Our research and work with several Fortune 500 companies taught us that there are three (3) must-have requirements to build innovation. Successful innovative organizations invest in a dedicated team, adopt frameworks to support ingenuity while simultaneously decreasing risk, and stay maniacally-focused to surfacing and prioritizing ideas that solve meaningful customer problems.
Dedicated innovation team
By “dedicated,” we mean that this team is solely focused on innovation and not adding “being innovative” to the long list of what’s already their day job. That's an easy way to set innovation up for failure.
Structured innovation labs or programs can be set up in a number of ways:
- one core team involved in every innovation project
- a different team per project
- rotate employees in and out of the lab on tours of duty to maintain fresh thinking
However you decide to structure your innovation lab or program (a decision we often help companies with), make sure your teams have the time and focus to dedicate to it.
Similar to a lean startup, you want a lean, cross-functional team with autonomy, budget, and a bias towards action running your innovations. This team is going to be out in the field asking questions and talking to users, so this team should be scrappy, motivated, and outgoing.
At minimum, the team is comprised of a product manager, user researcher, and finance modeler / business liaison to help ensure the product meets business goals. Take note: I didn’t mention a developer(s) here. Depending on your business, you might not need one until much later. Unless you are a software company or have a platform-heavy business, having developer(s) on the team from the start often means building solutions from the start versus validating the problem first.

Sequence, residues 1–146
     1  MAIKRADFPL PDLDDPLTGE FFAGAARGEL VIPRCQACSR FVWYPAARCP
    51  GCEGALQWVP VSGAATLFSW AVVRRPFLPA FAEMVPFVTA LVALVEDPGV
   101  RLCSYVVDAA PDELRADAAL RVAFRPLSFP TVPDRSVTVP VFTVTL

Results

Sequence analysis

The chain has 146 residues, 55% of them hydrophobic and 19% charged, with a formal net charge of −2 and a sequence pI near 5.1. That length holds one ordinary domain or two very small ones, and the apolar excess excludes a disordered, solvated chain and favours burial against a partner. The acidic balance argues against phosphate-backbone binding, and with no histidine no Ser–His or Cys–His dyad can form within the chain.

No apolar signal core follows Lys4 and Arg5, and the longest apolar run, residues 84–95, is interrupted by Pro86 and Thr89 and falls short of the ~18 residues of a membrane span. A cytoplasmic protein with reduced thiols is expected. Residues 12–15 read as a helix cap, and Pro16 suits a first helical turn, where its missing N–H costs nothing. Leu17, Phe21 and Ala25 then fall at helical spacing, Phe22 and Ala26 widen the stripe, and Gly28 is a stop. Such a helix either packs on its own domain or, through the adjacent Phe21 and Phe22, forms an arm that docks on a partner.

Decision-making stage-gate process
Ideas within the innovation program shouldn’t be force fit into existing business processes (see our post on 4 reasons innovation fails for more on this).
Instead, your innovation program should follow an agile process framework that values time-boxed iterations, incremental investments, early customer / market feedback, and stage-gate decision points—complete with executive committee buy-in. Each stage-gate requires you and your stakeholders to decide if an idea should move forward and receive continued investment, change based on new insights, or be thrown away because it’s no longer worth pursuing. A stage-gate process with mandatory decision points allows better control both risk and investment of innovation pursuits.
New innovations and initiatives need to be obsessively focused with solving high-value customer problems that fit within the business’s strategy, priorities, capabilities, and culture.
IDEO simplified this concept into three (3) criteria for new products and innovations: desirability, feasibility, and viability.
- Desirability : Do our customers want this innovative product / service / feature? Does it solve a real need for them?
- Viability : Can we provide this innovation at a price that customers will pay for it and will also make the company a profit? Does it scale?
- Feasibility : Is this an innovation that our company should be involved with at all? Does it play into our core strengths? Can we deliver on it?
Straying from this “sweet spot for innovation” results in tackling ideas that ultimately aren’t cost sustainable, well-suited for your particular organization to solve, or wanted by consumers.
Maintaining focus on achieving outcomes—solving real customer problems that your organization is positioned to solve—is what gives innovation programs at established companies traction.